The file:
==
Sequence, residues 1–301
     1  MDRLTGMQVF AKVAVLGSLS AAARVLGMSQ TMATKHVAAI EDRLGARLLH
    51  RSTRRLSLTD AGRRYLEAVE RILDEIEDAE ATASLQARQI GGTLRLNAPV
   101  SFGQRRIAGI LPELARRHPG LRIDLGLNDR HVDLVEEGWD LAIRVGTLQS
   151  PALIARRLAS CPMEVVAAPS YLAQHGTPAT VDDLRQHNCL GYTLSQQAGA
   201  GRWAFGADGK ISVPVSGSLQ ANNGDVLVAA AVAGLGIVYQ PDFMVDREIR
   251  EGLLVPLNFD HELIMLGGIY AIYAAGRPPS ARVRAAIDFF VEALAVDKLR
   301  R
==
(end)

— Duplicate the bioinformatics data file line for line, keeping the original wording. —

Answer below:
Sequence, residues 1–301
     1  MDRLTGMQVF AKVAVLGSLS AAARVLGMSQ TMATKHVAAI EDRLGARLLH
    51  RSTRRLSLTD AGRRYLEAVE RILDEIEDAE ATASLQARQI GGTLRLNAPV
   101  SFGQRRIAGI LPELARRHPG LRIDLGLNDR HVDLVEEGWD LAIRVGTLQS
   151  PALIARRLAS CPMEVVAAPS YLAQHGTPAT VDDLRQHNCL GYTLSQQAGA
   201  GRWAFGADGK ISVPVSGSLQ ANNGDVLVAA AVAGLGIVYQ PDFMVDREIR
   251  EGLLVPLNFD HELIMLGGIY AIYAAGRPPS ARVRAAIDFF VEALAVDKLR
   301  R